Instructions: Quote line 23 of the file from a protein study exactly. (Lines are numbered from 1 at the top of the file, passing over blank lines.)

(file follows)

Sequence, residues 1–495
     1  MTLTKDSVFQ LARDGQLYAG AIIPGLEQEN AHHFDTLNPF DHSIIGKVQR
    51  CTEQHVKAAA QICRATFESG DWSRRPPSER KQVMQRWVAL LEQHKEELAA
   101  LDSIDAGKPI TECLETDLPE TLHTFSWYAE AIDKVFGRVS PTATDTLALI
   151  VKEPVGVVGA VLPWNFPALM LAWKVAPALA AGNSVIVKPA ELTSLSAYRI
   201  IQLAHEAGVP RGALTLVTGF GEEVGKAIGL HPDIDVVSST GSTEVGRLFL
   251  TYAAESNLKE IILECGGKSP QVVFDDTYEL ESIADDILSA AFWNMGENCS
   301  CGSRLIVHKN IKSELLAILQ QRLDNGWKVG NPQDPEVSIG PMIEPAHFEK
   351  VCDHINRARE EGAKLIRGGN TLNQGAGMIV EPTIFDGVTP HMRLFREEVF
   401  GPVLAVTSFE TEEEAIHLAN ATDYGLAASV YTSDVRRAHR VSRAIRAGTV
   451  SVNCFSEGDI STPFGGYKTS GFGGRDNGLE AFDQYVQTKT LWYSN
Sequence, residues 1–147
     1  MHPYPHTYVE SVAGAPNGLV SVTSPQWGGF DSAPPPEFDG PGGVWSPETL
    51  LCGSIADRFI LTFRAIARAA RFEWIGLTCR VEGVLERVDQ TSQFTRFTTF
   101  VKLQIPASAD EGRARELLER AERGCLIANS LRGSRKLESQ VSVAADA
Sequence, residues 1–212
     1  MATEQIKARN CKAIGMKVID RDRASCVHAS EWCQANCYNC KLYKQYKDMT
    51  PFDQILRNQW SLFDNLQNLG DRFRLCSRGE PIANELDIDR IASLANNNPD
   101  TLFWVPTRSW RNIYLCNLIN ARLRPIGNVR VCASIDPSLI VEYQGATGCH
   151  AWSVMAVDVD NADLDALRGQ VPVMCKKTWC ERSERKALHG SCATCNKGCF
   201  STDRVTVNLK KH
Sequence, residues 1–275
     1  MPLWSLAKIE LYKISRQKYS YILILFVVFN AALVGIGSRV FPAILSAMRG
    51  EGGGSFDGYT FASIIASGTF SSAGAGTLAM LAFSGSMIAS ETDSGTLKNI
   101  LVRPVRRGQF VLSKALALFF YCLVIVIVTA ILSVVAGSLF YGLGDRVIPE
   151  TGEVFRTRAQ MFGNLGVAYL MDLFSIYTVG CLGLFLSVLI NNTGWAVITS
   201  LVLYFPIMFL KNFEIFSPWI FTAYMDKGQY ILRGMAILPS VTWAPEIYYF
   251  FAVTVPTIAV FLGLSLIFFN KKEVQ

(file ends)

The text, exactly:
     1  MPLWSLAKIE LYKISRQKYS YILILFVVFN AALVGIGSRV FPAILSAMRG